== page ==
16 JUN 2011
Former deputy PM votes to water down plans to hold referendums on future EU measures that transfer sovereignty
By Nicholas Watt | The Telegraph
Lord Heseltine, the former deputy prime minister who brought down Margaret Thatcher in 1990 over Europe, returned to the fray when he joined a rebellion against David Cameron over the European Union in the House of Lords.
Heseltine, who was appointed last year by the prime minister to chair a regional growth fund, voted to water down government plans to hold referendums on future EU measures that transfer British sovereignty to Brussels.
He was joined by four other Tory cabinet ministers from the Thatcher era, and 19 Liberal Democrats, including two members of the SDP "Gang of Four", Baroness Williams of Crosby and Lord Rodgers of Quarry Bank. The rebels voted by 209 to 203 to introduce a "sunset clause" to the proposed referendum lock that would mean it would lapse after the next general election. The referendum lock, designed to ensure a nationwide vote is held if British sovereignty is transferred to Brussels, could then only be revived through resolutions in both houses of parliament.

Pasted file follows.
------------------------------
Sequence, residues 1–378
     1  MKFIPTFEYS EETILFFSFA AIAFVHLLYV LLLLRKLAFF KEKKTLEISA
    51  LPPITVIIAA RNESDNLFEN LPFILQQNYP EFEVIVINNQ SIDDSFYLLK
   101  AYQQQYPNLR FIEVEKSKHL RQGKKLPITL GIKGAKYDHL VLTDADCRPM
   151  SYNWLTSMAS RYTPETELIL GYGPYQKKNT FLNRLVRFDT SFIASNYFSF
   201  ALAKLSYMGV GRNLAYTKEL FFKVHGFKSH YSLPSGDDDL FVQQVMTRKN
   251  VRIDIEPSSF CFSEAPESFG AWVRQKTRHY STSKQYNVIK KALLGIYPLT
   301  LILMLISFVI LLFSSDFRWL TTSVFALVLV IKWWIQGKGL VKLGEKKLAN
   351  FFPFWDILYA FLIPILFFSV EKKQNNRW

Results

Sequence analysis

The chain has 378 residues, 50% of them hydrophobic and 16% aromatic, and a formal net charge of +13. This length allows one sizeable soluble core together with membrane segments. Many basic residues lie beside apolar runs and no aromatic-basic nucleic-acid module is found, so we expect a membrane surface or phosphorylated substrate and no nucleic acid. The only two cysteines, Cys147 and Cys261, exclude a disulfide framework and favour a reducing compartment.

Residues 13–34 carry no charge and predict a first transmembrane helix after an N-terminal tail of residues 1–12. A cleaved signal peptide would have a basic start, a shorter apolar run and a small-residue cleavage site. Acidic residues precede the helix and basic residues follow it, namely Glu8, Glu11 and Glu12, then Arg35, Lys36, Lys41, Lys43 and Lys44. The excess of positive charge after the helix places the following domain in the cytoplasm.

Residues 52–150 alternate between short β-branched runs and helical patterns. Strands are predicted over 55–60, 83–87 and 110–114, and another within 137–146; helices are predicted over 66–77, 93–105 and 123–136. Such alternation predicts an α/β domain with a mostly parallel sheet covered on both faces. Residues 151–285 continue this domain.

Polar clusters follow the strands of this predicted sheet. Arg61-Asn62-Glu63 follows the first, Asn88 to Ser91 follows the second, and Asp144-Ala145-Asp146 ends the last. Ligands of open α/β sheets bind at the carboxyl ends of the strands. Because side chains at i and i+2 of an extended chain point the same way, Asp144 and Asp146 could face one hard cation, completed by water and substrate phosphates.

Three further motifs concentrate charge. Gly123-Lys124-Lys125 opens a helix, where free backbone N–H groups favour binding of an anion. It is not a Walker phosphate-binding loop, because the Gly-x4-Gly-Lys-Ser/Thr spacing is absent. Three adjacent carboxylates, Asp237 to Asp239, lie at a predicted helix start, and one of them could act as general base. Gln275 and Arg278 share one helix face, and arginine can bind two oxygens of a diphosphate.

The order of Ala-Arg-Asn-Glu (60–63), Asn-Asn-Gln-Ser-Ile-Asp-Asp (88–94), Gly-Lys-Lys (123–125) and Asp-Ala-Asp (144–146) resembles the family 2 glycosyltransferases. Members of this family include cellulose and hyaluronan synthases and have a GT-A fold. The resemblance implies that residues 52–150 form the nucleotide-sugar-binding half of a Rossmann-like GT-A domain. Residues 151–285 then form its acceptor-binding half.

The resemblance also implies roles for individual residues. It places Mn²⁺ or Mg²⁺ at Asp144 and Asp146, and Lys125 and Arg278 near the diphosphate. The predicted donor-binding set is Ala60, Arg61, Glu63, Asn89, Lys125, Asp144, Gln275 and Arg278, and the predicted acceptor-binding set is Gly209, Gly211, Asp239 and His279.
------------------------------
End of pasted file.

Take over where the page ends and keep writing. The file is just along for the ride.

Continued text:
Lord Oakeshott of Seagrove Bay, a Lib Dem rebel, said: "The coalition agreement committed us to a five year referendum lock on Europe, not permanent gridlock. That is why we voted for the sunset clause."
Lord Kerr of Kinlochard, Britain's former ambassador to the EU, who moved the amendment, told peers: "I can think of no precedent for a bill which is designed solely to influence future parliaments. My fear is that other member states, seeing how much concrete we've poured over our feet, will be tempted to or forced to bypass our perceived rigidity, excluding us from the debate."
Lord Liddle of Carlisle, who was Tony Blair's European adviser, and who is now Labour's European spokesman, said: "This was a victory for a pro-European coalition in the House of Lords."
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